Medellín - Waste to Opportunity
Re-designing the waste and recycling ecosystem in Medellín, Colombia for whole-system improvement in urban ecology; social enterprise development; and system, service and product innovation, from a life cycle assessment perspective
by Lucas R. Ivorra Peñafort
Article by: Dr Matthew Parnell and Lucas R. Ivorra Peñafort.
The United Nations released the Sustainable Development Goals (SDGs) in late 2015 to guide global efforts to activate and embed sustainability principles and actions in every country by 2030. There are 17 SDGs covering all aspects of human activity and their impacts on the environment and well-being of people and communities across developed, developing and least-developed countries.
SDG 11 for Sustainable Cities and Communities was recently extended by the development of the New Urban Agenda, which was ratified by most nations at the UN-Habitat III conference in Quito, Ecuador, in October 2016; one of the goals is actually to “reduce the adverse per capita environmental impact of cities, including by paying special attention to air quality and municipal and other waste management”. This project has been designed to align with the SDGs generally, and SDG 11 and the New Urban Agenda in particular, by investigating the current state of the waste and recycling ecosystem in the City of Medellín, Colombia. According to the Medellín Quality of Life Report of 2016, in that year Medellín was the third city to invest more in public services, after Bogotá and Barranquilla, and the coverage in waste collection services was around 99%. Regarding environmental investments, Medellín was the second most invested in 2016, after Bogotá, and it was the only one of the main cities in the country that recorded an increase in investment from 2015 to 2016. Finally, the recovery of waste went from 16% in 2015 to 17% in 2016.
Plastic waste is still a major problem across all the country
Photo: Lucas R. Ivorra Peñafort
Preliminary research into the Medellin waste system shows that while many recycling initiatives are well-established, many of these are of a limited, or restricted channel nature, with a minimal connection between the various waste collection and recycling subsystems. Thus, there are structural limits to the effectiveness of current regimes which prevent expansion of efforts to improve waste collection and recycling outcomes. The current state of the system is effectively preventing innovation in new recycling industries and new forms of social enterprise development due to lack of economic viability, driven by a range of internal and external forces.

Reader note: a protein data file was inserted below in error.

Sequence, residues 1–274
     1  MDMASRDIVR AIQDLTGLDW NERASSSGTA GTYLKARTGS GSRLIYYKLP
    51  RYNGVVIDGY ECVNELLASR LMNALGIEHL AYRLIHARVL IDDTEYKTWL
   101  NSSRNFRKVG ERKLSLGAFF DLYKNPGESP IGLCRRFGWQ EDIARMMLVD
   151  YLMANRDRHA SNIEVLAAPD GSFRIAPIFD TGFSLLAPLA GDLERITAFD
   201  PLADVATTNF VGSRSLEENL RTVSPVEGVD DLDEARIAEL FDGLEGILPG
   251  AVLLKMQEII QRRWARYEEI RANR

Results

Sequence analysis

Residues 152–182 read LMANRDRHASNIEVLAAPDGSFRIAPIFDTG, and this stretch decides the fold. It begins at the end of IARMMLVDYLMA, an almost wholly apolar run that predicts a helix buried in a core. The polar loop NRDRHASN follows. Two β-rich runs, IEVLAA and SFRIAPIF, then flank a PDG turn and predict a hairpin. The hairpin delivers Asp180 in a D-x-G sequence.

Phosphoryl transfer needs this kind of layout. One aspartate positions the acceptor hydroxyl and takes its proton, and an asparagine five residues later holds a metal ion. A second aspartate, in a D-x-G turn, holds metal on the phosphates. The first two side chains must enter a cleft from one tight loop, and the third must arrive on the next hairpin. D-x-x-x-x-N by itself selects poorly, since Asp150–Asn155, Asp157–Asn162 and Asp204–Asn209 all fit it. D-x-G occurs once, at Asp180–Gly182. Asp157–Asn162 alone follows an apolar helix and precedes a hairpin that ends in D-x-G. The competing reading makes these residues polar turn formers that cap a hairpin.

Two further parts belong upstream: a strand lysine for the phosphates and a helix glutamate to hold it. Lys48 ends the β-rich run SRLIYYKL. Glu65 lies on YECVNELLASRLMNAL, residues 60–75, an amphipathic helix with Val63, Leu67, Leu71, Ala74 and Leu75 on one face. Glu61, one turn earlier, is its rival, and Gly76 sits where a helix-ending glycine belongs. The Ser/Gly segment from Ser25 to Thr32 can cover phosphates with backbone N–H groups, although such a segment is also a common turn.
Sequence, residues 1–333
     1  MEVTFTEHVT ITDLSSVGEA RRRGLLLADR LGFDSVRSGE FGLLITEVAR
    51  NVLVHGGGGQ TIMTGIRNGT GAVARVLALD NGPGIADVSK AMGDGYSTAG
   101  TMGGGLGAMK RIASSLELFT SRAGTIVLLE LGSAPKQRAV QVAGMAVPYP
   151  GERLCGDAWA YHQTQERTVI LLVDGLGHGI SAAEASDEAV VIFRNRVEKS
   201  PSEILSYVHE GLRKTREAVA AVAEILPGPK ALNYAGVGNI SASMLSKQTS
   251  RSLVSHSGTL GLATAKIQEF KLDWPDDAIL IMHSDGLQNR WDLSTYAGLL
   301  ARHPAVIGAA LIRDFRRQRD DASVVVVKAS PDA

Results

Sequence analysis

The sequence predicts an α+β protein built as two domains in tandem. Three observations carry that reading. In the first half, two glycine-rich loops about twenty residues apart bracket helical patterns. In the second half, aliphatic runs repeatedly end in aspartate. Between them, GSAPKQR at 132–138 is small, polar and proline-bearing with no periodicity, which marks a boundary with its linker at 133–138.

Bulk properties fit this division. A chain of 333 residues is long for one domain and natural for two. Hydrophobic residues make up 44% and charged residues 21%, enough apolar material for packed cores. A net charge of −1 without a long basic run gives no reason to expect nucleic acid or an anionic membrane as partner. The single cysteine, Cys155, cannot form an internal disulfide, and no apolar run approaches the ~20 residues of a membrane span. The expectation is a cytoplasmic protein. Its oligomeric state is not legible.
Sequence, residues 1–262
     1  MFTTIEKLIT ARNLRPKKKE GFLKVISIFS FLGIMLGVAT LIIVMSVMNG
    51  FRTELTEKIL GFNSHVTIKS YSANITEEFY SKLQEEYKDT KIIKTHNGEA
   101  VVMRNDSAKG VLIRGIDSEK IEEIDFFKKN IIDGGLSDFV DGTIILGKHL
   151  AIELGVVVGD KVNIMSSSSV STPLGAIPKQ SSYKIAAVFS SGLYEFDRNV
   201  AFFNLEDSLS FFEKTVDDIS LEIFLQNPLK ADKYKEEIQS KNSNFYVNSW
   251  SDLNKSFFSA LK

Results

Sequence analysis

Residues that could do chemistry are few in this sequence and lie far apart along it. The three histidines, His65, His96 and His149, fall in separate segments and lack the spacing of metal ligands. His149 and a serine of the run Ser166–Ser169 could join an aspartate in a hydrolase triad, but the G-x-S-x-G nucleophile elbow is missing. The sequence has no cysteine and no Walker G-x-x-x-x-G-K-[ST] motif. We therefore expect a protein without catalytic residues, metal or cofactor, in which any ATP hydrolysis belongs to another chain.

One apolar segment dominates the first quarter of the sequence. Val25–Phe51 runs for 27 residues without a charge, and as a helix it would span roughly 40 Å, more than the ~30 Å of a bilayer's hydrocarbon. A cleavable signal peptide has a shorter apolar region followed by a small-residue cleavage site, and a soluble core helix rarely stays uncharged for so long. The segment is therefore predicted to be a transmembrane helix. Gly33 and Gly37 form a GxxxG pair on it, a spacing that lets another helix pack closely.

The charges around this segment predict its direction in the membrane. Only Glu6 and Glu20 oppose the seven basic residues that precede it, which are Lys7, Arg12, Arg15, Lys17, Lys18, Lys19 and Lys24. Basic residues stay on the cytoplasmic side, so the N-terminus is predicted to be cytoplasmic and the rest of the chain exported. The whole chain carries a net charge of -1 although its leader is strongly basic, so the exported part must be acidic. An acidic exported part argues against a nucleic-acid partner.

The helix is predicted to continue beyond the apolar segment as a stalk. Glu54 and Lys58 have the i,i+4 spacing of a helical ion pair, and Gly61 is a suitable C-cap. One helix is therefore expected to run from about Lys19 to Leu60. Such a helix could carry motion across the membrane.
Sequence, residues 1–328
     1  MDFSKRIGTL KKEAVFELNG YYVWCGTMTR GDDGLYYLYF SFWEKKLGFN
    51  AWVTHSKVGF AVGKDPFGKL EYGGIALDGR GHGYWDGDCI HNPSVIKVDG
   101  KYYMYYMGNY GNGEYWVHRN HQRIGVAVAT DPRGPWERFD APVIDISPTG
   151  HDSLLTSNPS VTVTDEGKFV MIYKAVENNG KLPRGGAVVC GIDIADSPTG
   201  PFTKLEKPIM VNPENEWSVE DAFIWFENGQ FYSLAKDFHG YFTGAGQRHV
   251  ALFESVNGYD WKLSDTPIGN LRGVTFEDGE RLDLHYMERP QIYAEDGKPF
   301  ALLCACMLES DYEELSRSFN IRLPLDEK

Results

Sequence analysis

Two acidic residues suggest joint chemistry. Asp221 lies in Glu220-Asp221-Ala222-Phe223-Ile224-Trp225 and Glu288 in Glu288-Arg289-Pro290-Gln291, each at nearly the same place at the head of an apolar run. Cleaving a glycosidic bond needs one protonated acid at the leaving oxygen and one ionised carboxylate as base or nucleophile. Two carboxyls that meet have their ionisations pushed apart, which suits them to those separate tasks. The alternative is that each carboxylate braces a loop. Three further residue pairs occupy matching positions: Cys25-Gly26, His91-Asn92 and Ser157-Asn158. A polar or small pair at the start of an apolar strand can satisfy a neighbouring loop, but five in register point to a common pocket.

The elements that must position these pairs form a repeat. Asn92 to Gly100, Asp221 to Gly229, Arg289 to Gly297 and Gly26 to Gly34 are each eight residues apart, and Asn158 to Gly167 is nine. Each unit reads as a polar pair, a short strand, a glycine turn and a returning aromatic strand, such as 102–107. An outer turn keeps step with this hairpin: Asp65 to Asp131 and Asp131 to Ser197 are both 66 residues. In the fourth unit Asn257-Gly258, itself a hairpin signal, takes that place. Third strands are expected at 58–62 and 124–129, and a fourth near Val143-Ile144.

Based on the existing ecosystem of stakeholders in Colombia and particularly in Medellín, there are already specific and useful assets to improve the waste management system, such as the following but not limited to:
- Manual for the Integral Waste Management In the Valle de Aburrá.
- In the report "Green Growth for Colombia, conceptual elements and international experiences" of the Colombian National Planning Department, the recommendations to incorporate much more innovation and added values in industrial development are clear, with criteria of eco-efficiency and reduction of pollution, as a strategy to strengthen green growth as a path to the implementation of the SDGs.
- In the Business Commitment for Recycling (CEMPRE in Spanish), the importance of incorporating recycling organizations efficiently is a key issue, and there are instruments for establishing the value of recovered materials, as well as guidelines for the formalization of recycling organizations.
- There are already market opportunities for recovered materials, and there are also products developed using wasted materials, such as:
- The Industrialized Waste and Sub-product Exchange (BORSI in Spanish) is an initiative created by the National Center for Cleaner Production and Environmental Technologies - CNPMLTA - in Medellín, to promote the recovery of waste and by-products.
- Initiatives from private companies such as Enka, which is the largest PET bottles recycler in Colombia.
- There have been some important events related to sustainable design and waste management, from the perspective of innovative products and services:
- Latin American Fair of Eco-products and Ecoservices – FLEP.
- International Symposium on Sustainable Design.
Despite all the technological developments, there are still challenged to be addressed to make everyone work in unison
Photo: Lucas R. Ivorra Peñafort
According to these and other initiatives, there are now good conditions in Medellín and Colombia to allow new strategies to be designed and implemented regarding waste management and products/service innovation. “Medellin was recognized as the most innovative city in 2015 (recognition awarded by the Wall Street Journal, Citi, and the Urban Land Institute) and has become a global referent for international delegations”
This PhD proposal, then, has been conceived to assist stakeholders across the Medellin waste system to:
- better understand the whole waste system in order to create opportunities for improvement through connecting different nodes of the system, from the perspective of the circular economy and the blue economy;\
- propose new system designs through participatory research and design processes, from the perspective of industrial ecology and stakeholder management; and
- increase product and service development opportunities for new industries (both profit-based and social enterprises) while improving environmental and social outcomes. It should be considered in the project that supporting entrepreneurship in Colombia has been identified as one of the key strategies to strengthen the peace initiatives in the current situation.
This PhD proposal articulates to a broader project which has been initiated by a Medellín-based innovation consultant, Plastines